No Worse Enemy: The Inside Story of the Chaotic Struggle for Afghanistanby Ben Anderson
In this powerful and shocking exposé from the front lines in Helmand province, leading journalist and documentary-maker Ben Anderson (HBO, Panorama, and Dispatches) shows just how
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The war in Afghanistan is over ten years old. It has cost countless lives and hundreds of billions of pounds. Politicians talk of progress, but the violence is worse than ever.
In this powerful and shocking exposé from the front lines in Helmand province, leading journalist and documentary-maker Ben Anderson (HBO, Panorama, and Dispatches) shows just how bad it has got. Detailing battles that last for days, only to be fought again weeks later, Anderson witnesses IED explosions and sniper fire, amid disturbing incompetence and corruption among the Afghan army and police. Also revealing the daily struggle to win over the long-suffering local population, who often express open support for the Taliban, No Worse Enemy is a heartbreaking insight into the chaos at the heart of the region.
Raising urgent questions about our supposed achievements and the politicians’ desire for a hasty exit, Anderson highlights the vast gulf that exists between what we are told and what is actually happening on the ground. A product of five years’ unrivalled access to UK forces and US Marines, this is the most intimate and horrifying account of the Afghan war ever published.
Spike Jonze (Academy Award-winning director) on Ben Anderson’s film Taking on the Taliban
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Meet the Author
Ben Anderson is an acclaimed journalist and Emmy-nominated filmmaker. In a career spanning 14 years, he has filmed and presented over 40 films for the BBC, Channel 4, HBO and the Discovery Channel. He has presented five of his own series for BBC2 and is a regular reporter for Panorama and Dispatches. He was twice a finalist for the RTS young journalist of the year award and his HBO film The Battle for Marjah was nominated for three Emmys. In addition, he has written for GQ, Esquire, The Times of London, and the London Review of Books. When not reporting from the field, he lives in London.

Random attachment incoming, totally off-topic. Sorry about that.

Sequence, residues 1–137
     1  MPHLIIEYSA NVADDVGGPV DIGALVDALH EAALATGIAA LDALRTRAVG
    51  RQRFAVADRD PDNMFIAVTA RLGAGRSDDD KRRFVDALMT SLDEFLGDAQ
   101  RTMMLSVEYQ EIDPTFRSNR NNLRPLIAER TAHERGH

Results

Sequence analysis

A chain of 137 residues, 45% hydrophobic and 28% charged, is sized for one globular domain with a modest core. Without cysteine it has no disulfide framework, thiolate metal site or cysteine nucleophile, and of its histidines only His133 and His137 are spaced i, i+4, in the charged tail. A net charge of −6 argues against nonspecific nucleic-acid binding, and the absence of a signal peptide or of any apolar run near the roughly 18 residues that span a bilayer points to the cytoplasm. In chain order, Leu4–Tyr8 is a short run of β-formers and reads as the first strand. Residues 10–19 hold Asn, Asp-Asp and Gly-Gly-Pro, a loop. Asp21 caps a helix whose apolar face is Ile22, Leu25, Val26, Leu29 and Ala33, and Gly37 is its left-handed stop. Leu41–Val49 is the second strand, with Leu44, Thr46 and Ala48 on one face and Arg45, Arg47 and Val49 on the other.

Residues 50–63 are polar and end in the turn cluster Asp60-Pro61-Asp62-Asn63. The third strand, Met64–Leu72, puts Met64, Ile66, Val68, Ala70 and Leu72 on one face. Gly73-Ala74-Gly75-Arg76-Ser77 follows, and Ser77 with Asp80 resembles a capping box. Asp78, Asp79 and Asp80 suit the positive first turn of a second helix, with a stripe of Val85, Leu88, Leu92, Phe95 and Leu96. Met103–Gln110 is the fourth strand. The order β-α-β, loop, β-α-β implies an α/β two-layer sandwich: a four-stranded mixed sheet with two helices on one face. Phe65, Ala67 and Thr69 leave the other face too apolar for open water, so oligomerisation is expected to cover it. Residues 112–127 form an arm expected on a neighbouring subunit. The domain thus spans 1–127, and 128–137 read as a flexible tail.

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Journalist Ben Anderson has been visiting Afghanistan since the summer of 2007. He notes, “on each visit I was told that the Taliban were on their last legs, the Afghans were almost ready to provide security for themselves and the government was almost ready to govern.” But in the real world, “the only thing I ever saw happen was an increase in troop numbers and a corresponding increase in casualties, military and civilian. This, I was told, was further evidence of the Taliban’s desperation and proof that the insurgency was in its last throes.” He notes, “What happened next, after vital resources had been diverted to Iraq, was simply a return to predatory power politics and the rule of the warlords. To a place where the corrupt and vicious thrived and the most able and honest were sidelined. The state of affairs that had allowed the Taliban to sweep to power in the first place. The 2005 elections, which might have led to truly representative government, were a sham, with some observers claiming that fraudulent votes outnumbered the genuine.” Anderson reports, “People approached marines in the bazaar, saying: ‘Please don’t leave us alone with those guys’, referring to the police. The same thing happened in every town I’d seen cleared. The fact that the people being liberated were asking for protection from those we were fighting to introduce ought to have raised obvious questions. But it was too late in the day to admit such a terminal flaw in policy.” Anderson quotes Captain Peterson, the Commanding Officer of Lima Company, who said, “You’re trying to build a country up by destroying it and it seems like a paradox but those are people who have not been to Afghanistan.” Shades of Vietnam – where another US officer famously said, “We had to destroy the village to save it.” Anderson notes, “General McChrystal’s claim that [Operation] Mushtaraq was Afghan-led, a claim repeated by President Obama, a claim widely-spread and never seriously challenged, a claim backed by a massive media campaign, was the biggest fallacy of the entire operation. The Afghans were nowhere near ready to lead any military operation, leave alone one in the Pushtun south. Certainly not one as big as Mushtaraq.” As Anderson points out, “There was such desperation to increase the Afghan National Army’s numbers … that just about anybody could get in, especially as the desertion rate was so high. ... Often, they used the weapons and uniforms they’d been given to attack real security force members of their foreign mentors. This happened more and more, suggesting both the police and the army had been, heavily, albeit easily, infiltrated. But the problem was not properly addressed, because that meant admitting that the absurdly ambitious goal of having a national army able to secure every province of Afghanistan, on its own, by 2014, was a fantasy. But that goal was the exit strategy so publicly, everyone had to say it was plausible.” He concludes, “In huge swathes of the country, the government will not stand for twenty-four hours, much less three years, without foreign support. Every Afghan I have spoken to is convinced there will be another round of civil war as soon as we leave, with no rules of engagement or courageous restraint. They also think that the Taliban may well win. Perhaps the most damning indictment of our intervention is that there are also many Afghans who will think that if there is such a victory, the good guys will have won.”